How Can a Freelancer be Productive During Slow Periods?

When a slow period happens, you often don’t see it coming.

Everything is going great, the money is flowing, and you’re swamped with projects. Then, without warning, your freelance project to-do-list is so empty that you can practically hear the crickets. Sound familiar?

How Can a Freelancer be Productive During Slow Periods?

When a slow period happens to a freelancer they often don’t see it coming.

When a slow period happens, you might be tempted to binge watch something on Netflix or hit the panic button, but that’s not necessarily the best approach.

Slow periods are a valuable means of improving every aspect of your freelance business. Although you should continue to market your work when you’re busy, there’s not always a sufficient amount of time to put just the right amount of TLC into your business.

Here are five things you can do to productively take advantage of the spare time that you’ll have during slow periods.

1. Say “Hello” to Past Clients You Haven’t Heard From In a While

The great thing about your past clients is the fact that they’ve worked with you before, so you don’t have to sell them on how great you are at your work. Let them know that you have some extra time free this month, and ask them if there’s anything else that they need help with.

Don’t be shy about asking for referrals, because your client might also know someone that could use your help!

2. Pitch, Pitch, and Pitch Some More!

Although this is something that will likely be part of your marketing strategy no matter what, slow periods are a great time to increase your daily pitch quota. Set some time aside, to write the best quality pitches that you can think of, and get your ideas in the hands of your ideal clients.

3. Think Carefully About Your Long-Term Goals

When you’re busy, there’s too much to think about, including impending deadlines. Slow periods are the best possible time to put some careful thought into what your long-term goals are, as a freelance writer.

Ask yourself these three questions, and write down the answers, if necessary.

  1. What’s your ideal income, and what can you do to continuously reach your financial goals?
  2. What do you want to improve on, and what can you do about it?
  3. Are you happy with your current clients? If not what kinds of clients would be perfect for you, and what do you need to do to attract your ideal client?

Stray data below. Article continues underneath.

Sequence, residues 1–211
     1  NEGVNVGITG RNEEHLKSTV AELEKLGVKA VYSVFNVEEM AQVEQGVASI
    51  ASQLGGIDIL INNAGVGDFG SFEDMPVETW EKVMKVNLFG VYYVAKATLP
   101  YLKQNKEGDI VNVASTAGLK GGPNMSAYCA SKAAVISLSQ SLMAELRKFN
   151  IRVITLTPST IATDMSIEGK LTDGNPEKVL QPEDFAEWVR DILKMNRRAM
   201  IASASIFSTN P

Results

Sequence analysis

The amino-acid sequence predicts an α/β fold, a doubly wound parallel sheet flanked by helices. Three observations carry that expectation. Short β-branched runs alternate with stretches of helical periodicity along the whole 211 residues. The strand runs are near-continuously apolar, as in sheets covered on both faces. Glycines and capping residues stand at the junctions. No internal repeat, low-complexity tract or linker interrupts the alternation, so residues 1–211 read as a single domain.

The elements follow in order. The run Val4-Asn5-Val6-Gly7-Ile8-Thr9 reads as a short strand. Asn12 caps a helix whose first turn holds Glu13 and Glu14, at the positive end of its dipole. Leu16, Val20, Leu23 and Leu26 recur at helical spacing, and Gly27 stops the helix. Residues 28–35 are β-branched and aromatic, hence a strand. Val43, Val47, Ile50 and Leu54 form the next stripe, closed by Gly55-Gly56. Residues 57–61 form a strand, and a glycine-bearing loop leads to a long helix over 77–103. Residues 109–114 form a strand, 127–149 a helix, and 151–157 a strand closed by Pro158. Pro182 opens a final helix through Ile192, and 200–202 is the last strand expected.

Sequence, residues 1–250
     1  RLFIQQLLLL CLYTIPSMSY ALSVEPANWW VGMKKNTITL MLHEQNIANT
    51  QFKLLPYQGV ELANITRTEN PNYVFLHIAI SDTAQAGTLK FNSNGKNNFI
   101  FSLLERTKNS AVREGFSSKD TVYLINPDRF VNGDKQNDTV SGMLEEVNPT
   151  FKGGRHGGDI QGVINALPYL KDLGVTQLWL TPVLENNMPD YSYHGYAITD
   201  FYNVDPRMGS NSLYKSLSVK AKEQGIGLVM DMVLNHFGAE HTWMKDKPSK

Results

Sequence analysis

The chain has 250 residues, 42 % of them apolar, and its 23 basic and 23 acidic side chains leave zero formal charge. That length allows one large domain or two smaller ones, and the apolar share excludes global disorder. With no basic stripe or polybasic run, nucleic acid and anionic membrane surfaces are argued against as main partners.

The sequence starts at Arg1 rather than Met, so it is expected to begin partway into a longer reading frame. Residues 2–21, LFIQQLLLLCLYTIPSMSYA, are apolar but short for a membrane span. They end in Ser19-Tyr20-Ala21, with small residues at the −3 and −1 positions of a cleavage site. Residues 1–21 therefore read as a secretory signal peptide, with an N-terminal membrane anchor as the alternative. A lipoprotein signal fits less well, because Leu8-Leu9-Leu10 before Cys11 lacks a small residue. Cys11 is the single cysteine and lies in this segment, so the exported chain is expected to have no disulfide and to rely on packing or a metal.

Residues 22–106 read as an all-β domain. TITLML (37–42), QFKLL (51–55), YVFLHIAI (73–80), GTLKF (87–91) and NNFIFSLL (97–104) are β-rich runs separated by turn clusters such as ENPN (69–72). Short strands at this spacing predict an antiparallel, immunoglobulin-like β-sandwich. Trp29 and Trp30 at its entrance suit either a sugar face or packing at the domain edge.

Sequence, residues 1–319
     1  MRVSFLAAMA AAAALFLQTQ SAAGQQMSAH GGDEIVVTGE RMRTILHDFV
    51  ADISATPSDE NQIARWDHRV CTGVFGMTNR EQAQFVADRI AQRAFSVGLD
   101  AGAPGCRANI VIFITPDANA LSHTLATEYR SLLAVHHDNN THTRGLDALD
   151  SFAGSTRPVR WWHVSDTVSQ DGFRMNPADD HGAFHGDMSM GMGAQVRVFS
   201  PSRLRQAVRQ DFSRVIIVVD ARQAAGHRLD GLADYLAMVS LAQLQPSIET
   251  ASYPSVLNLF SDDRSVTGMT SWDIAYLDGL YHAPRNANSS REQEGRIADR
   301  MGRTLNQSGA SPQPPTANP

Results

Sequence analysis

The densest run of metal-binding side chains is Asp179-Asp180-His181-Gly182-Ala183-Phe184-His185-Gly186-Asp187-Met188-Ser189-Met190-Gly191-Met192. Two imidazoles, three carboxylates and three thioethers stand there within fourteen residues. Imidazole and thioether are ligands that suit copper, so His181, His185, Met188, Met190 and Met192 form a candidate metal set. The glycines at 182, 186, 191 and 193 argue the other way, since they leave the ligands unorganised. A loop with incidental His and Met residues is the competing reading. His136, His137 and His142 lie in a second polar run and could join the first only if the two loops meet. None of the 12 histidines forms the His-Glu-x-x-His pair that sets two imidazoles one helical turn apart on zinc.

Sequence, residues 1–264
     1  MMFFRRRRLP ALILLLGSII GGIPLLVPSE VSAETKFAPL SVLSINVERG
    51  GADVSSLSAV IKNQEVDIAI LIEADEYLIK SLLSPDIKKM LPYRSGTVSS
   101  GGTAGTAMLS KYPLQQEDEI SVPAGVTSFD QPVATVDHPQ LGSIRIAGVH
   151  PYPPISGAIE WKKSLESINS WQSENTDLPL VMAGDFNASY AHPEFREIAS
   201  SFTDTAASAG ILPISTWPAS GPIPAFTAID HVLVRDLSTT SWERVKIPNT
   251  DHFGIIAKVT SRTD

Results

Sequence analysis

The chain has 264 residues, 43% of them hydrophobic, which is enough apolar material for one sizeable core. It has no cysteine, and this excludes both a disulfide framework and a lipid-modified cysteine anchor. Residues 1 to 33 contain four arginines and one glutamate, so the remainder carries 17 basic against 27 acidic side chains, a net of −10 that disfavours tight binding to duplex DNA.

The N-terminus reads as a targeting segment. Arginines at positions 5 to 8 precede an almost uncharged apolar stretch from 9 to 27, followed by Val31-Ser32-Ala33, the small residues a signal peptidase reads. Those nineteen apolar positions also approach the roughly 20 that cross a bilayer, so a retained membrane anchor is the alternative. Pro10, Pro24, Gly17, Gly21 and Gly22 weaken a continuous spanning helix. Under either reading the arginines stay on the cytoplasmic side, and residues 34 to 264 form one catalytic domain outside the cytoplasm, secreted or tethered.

4. Enroll In a Class That’s Relevant to Your Niche

Enrolling in a class is a great way to stay up to date on niche-applicable skills. Fortunately, you don’t have to spend a fortune to learn new skills. There are plenty of options out there that are either free or affordable.

Taking a class is a great way to stay productive, gain some useful skills that will “wow” potential clients, and network with other community members. If it’s an in person, rather than an online class don’t forget your business cards, because your instructor, and also your peers, might be the perfect lead.

5. Update and Polish Your Website, Portfolio, and Social Media Profiles

Portfolio updates, website updates, social media profile updates are the kinds of things that can make or break potential leads. If you don’t need to update any info, focus on making your online presence a hundred times better. There’s always something to fix, even if your online profiles are in top-notch condition.

When your work is keeping you busy, social media, portfolio, and website updates are often overlooked, and that’s okay. If you set some time aside during slow periods to make online profile updates and revisions, you’ll be grateful for all your hard work, when the client projects start to pile up.

Always remember that slow periods aren’t something to be ashamed of! Even the most seasoned and successful writers and freelancers go through slow periods, especially during holidays, and specific times of year.

How do you stay productive during slow periods? Do you have any coping strategies? Feel free to comment in the comment section below.



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Hi Carl: Glad you found it helpful!Reply to Rosemary
A very good post. It’s true that most freelancers I included tend to panic when the low season sets in. Usually, you are worried about your income and how to survive before the high season is back. However, low seasons can be an opportunity to work on your customer relations as well as enhance your market reach through effective marketing efforts. More so, it’s good to evaluate and realign your business goals and objectives. Thanks for the insightful post.Reply to Carl
Thanks Elna, glad you liked the tips! I think the most important lesson I’ve learned about freelancing, especially blogging, is that so much of it is about relationship building. I think my slow periods have been the best way to make sure those professional relationships with prospective and current clients are continuing to grow. I have a significant other that also freelances and that’s for sure one of the most important things they taught me about how it all works.Reply to Rosemary
Rosemary, You’ve provided some awesome tips to help remain productive in your freelance writing business. A lot of time for freelancers, when there’s no work, you pitch a little, maybe do a guest post but many don’t think about looking at sprucing up you web copy or reach out to past clients or even look at your long-term goals as ways to generate more work. Great tips!Reply to Elna